Personal-Finance

Are retail savings bonds still a good investment

2017-06-14 12:31

If there’s an expense that you foresee in the future, say in two to five years’ time (school fees, a round-the-world trip, emigrating overseas and so on), you may want to consider investing your money in RSA Retail Savings Bonds, which are offered by National Treasury.

This investment is an attractive option if you are a medium-term saver and offers you the opportunity to lock your money away for a reasonable rate of between 7.75% and 8.25% . Obviously, the longer you are prepared to put your money away, the more interest you will get under this government-approved savings scheme that was launched in 2004.

When it comes to interest, it beats most of the basic savings and money market account rates offered by banks. Nedbank’s JustInvest money market deposit account, for example, offers rates of between 5.50% and 6.75%. However, the 5.50% rate with the JustInvest deposit account only kicks in if you have at least R5 000 in the account.

There are also cash deposit fees that may apply to the JustInvest account, whereas you don’t pay this if you invest in retail bonds.

And while some banks are offering more competitive fixed deposit rates, like Standard Bank, which is currently offering a promotional rate of 10% for its 60-month (five-year) fixed deposit account (offer ends July 31 2017), there are often major minimum investment strings attached. For example, Standard Bank’s offer is only available to investors that can deposit between R50 000 and R5 000 000.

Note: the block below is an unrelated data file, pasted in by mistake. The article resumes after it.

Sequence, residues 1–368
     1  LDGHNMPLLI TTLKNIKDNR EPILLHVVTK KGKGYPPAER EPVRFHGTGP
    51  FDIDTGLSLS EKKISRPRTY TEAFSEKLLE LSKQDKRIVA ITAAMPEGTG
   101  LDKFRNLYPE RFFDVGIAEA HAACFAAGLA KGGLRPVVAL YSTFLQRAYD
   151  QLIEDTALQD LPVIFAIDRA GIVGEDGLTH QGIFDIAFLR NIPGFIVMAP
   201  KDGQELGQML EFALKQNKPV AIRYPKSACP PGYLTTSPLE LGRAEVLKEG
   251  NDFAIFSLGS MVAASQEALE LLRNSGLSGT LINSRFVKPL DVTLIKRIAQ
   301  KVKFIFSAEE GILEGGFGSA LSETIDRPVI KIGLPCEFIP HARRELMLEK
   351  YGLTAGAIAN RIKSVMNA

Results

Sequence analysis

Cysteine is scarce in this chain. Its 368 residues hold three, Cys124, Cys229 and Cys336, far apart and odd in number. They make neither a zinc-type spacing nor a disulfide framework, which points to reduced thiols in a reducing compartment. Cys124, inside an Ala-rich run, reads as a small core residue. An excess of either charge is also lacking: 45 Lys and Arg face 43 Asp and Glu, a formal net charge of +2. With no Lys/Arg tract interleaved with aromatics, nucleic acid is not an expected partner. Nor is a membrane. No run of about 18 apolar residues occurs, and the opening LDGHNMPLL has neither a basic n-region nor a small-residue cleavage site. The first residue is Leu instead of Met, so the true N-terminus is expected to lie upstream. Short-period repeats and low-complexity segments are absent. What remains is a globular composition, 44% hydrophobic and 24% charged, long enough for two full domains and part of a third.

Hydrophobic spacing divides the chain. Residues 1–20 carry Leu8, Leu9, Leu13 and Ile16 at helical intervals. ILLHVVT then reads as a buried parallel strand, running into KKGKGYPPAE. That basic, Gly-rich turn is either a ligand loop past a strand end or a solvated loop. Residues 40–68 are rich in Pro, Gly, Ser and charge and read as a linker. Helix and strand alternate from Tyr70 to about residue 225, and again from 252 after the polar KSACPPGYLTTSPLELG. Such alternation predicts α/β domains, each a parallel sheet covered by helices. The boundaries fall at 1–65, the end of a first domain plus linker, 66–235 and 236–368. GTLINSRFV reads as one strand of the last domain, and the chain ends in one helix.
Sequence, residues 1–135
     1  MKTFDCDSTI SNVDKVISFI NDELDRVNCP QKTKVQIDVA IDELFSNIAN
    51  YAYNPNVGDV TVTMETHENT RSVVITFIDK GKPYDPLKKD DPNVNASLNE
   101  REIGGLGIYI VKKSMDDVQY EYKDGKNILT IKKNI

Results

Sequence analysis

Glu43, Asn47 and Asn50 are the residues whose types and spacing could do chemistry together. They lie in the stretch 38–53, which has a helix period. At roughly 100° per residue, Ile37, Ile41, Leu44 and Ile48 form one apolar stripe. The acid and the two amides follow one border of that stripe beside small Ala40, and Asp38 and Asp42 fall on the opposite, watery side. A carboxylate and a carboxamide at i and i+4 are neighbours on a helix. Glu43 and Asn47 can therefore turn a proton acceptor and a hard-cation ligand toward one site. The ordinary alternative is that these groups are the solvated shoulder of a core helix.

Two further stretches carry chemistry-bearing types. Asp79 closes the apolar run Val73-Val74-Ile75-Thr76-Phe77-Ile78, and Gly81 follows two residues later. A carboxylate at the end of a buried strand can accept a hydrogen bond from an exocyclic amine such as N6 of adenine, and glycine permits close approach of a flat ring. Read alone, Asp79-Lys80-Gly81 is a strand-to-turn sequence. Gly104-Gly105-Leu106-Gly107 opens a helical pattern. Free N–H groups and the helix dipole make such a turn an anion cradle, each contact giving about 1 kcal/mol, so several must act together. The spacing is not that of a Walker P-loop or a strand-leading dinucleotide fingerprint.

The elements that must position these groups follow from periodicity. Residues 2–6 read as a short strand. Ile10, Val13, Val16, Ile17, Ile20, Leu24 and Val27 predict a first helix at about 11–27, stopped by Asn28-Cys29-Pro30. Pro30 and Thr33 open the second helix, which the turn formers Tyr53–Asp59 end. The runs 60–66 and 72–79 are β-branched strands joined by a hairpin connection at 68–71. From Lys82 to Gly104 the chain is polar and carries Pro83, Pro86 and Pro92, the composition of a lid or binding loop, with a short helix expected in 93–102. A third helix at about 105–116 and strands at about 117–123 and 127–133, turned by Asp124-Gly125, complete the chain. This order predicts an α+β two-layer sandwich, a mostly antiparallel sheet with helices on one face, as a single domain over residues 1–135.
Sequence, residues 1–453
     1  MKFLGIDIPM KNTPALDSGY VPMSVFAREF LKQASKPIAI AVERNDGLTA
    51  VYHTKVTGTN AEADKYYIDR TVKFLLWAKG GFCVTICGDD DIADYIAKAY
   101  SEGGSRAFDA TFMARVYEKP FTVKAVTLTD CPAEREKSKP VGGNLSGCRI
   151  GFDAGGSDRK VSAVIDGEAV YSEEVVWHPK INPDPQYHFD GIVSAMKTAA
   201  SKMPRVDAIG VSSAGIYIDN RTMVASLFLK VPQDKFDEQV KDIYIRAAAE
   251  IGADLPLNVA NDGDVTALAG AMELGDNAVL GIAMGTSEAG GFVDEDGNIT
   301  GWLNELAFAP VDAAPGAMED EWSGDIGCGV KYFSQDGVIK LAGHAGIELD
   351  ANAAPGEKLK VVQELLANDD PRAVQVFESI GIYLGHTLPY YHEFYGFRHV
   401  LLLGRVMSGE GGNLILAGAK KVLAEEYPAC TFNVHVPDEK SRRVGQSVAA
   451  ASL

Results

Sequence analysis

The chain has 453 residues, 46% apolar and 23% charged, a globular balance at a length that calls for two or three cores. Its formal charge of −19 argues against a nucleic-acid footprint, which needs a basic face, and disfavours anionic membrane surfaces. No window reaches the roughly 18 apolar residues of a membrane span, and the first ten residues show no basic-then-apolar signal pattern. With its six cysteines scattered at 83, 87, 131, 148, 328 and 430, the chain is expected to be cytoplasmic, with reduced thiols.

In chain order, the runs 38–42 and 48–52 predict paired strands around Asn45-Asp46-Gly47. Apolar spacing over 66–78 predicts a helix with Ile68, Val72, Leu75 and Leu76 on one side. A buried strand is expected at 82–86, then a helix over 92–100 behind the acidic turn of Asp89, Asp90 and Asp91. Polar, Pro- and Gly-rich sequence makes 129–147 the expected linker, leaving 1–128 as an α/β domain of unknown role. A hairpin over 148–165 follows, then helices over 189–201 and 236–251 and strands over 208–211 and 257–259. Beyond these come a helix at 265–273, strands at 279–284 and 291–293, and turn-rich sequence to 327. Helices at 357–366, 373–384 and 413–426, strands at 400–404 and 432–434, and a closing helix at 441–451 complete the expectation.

If you invest in retail bonds there are no charges, commissions or other costs that eat into your capital and you only need a minimum of R1 000 to purchase a bond. Your investment portfolio may be increased at any time by buying more retail bonds. Unfortunately, you can’t invest more than R5 000 000 in them.

ACCESSING YOUR MONEY

The downside of retail bonds is that you must lock your money away for some time to benefit from the attractive rate and zero fees. A penalty does apply if you want to draw your money early, which you can after 12 months.

“The penalty will depend on how much you withdraw and will be calculated based on the amount. You can access your money at any time but a penalty does apply,” explains Lindokuhle Matle, director at RSA Retail Savings Bonds.

“With retail bonds, liquidity can be an issue. With unit trusts on the other hand you can cash them in and access the money within a couple of days at the most. If you know you are going to be strapped for cash it could not be ideal,” warns Elize Botha, managing director of Old Mutual Unit Trusts.

PLAGUED BY TECHNICAL DIFFICULTIES

Last month Treasury had to admit that it had been experiencing technical difficulties over a couple of weeks. It outlined that it was having issues with its helpline, queries, emails and website. When City Press called the retail savings bond helpline an automated voice system still referred to the technical difficulties and apologised to investors.